It should be understood that the concepts described with respect to each of the embodiments may be interchanged and varied while remaining within the scope of the present invention. Furthermore, it may be beneficial in certain circumstances to fabricate the pressure applying elements so that the pressure is increased, or decreased, as the fuel is consumed, depending upon the particular application. This may be accomplished by selecting different types of materials. The parameters may also be varied depending upon the form of the spring that is selected. In addition, while the illustrative embodiments have employed compression springs that exert force away from the center of the spring, extension springs that pull force towards the center of the spring may be employed and the invention is readily adaptable to incorporate such selections.
It is possible to store safety-enhancing additives that add color, odor and flavor to the fuel, or other fluids, as desired in the plenum 212 that is defined between the cartridge 202 and the bladder 204 (
In either instance, in accordance with yet another embodiment of the invention, the fuel container and delivery assembly illustrated in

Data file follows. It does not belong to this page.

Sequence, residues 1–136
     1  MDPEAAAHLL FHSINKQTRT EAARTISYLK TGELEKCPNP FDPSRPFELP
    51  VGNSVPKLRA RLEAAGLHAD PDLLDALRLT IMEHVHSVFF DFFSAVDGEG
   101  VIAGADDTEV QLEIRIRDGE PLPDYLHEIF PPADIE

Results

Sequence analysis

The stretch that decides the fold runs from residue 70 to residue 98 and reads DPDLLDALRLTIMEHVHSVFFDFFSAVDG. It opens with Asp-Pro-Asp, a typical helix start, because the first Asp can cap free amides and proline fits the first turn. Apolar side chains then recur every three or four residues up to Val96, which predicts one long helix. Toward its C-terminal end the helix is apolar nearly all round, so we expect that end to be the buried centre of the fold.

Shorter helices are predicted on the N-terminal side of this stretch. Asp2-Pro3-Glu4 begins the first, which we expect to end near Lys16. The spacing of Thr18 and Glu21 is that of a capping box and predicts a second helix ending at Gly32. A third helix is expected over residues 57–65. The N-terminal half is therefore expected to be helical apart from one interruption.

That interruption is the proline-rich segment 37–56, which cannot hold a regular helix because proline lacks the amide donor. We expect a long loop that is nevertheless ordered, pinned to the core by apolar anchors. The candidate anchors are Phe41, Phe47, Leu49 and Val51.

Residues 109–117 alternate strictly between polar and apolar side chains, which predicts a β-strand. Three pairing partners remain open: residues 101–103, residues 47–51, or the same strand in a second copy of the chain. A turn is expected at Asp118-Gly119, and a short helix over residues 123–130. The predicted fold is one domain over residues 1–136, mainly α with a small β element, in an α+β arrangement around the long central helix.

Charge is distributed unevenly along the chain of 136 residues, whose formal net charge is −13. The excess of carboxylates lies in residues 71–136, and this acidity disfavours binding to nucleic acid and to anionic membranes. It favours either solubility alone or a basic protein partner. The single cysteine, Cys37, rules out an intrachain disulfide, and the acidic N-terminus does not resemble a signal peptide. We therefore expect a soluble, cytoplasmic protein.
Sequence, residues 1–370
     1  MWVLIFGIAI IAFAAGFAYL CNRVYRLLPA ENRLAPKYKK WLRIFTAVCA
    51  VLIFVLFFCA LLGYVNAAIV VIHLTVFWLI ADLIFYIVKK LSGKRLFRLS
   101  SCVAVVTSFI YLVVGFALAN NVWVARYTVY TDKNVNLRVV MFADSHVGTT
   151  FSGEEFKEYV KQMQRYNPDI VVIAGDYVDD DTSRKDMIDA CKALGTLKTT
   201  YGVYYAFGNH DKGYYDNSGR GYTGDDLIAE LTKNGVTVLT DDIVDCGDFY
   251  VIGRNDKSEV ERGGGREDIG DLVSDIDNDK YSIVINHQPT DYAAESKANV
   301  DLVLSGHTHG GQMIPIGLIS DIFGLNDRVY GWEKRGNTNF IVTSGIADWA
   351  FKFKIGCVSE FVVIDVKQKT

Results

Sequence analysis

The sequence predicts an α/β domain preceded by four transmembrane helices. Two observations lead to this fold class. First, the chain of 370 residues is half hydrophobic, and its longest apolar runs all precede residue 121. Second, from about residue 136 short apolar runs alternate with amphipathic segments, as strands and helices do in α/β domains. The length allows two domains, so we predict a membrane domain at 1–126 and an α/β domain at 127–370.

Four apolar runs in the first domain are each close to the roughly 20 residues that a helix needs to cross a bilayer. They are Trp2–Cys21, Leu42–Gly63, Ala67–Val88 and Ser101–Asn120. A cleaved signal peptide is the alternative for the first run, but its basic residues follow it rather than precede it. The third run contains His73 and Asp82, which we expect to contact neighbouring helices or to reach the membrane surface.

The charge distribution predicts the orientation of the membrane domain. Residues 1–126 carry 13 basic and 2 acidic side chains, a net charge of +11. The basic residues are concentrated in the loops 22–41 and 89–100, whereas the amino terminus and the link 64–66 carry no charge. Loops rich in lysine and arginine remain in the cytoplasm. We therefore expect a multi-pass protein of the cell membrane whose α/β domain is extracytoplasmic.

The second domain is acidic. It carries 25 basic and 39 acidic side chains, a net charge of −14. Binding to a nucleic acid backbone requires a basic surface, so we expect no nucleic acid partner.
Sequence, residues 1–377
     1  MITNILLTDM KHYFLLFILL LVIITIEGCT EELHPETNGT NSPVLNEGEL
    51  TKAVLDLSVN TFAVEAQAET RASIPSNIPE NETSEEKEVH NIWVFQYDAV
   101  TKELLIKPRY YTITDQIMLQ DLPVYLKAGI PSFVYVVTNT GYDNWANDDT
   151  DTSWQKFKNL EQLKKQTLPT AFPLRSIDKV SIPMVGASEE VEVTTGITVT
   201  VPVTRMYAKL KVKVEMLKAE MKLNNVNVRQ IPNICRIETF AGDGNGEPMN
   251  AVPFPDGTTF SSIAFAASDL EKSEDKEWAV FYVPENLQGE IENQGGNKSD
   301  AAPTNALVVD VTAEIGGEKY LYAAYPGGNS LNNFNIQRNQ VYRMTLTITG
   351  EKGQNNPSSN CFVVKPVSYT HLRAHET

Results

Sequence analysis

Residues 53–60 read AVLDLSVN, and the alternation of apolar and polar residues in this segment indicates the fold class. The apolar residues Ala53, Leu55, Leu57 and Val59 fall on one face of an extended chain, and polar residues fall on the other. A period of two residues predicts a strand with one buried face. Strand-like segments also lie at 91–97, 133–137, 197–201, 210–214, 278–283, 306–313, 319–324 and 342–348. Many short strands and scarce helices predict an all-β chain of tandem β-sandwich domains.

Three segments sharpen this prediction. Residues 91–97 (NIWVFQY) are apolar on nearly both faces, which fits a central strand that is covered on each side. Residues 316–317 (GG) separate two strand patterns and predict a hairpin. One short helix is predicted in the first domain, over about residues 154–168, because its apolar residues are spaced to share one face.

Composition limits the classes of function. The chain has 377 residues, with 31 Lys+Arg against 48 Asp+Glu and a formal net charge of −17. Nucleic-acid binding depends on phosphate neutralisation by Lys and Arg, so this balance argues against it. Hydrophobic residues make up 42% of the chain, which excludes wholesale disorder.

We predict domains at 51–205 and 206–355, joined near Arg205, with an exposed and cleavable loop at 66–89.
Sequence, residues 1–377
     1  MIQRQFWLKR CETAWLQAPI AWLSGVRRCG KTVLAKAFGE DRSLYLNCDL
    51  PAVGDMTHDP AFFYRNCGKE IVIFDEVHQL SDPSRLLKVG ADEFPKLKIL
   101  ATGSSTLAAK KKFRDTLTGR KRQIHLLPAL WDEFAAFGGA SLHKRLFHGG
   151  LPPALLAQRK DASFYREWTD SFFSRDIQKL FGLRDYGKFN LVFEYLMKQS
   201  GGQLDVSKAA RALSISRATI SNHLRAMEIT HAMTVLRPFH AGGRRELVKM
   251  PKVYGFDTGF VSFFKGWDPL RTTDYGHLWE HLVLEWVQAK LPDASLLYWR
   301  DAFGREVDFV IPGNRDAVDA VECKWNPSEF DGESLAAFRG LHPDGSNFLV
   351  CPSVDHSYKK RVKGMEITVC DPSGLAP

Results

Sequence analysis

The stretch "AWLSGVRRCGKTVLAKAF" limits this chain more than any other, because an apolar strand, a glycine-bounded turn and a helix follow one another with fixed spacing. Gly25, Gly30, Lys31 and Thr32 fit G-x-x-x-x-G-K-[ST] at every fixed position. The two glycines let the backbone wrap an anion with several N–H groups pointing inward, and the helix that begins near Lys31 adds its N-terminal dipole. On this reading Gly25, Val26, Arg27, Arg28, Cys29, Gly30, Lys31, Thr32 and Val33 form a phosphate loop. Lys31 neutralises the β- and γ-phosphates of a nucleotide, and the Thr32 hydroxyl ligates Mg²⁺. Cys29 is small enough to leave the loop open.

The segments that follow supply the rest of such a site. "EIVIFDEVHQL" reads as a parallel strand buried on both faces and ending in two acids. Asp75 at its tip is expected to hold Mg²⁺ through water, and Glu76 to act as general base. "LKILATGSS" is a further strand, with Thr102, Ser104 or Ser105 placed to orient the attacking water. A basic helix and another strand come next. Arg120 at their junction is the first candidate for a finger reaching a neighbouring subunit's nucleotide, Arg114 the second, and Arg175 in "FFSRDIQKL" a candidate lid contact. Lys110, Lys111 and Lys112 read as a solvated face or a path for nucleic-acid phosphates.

If desired, in an alternative embodiment, the collapsible fuel bladder 1305 a may be acted upon by an optional force applying element, such as the spring 1312, or a compliant, expandable material such as foam in order to provide a continuous fuel delivery, but the effluent bladder 1305 b is not under the application of force because the effluent is desirably entering into the bladder, rather than being expressed from it. In yet another embodiment (not shown) force applying element 1312 is eliminated from the inventive fuel container, and effluent received from the fuel cell(s) in second bladder 1305 b causes second bladder 1305 b to expand, displacing fuel from the fuel bladder 1305 a by delivering it to the fuel cell or fuel cells. The fuel container and delivery assembly 1302 could then be detached from the fuel cell system in order to dispose of said effluent.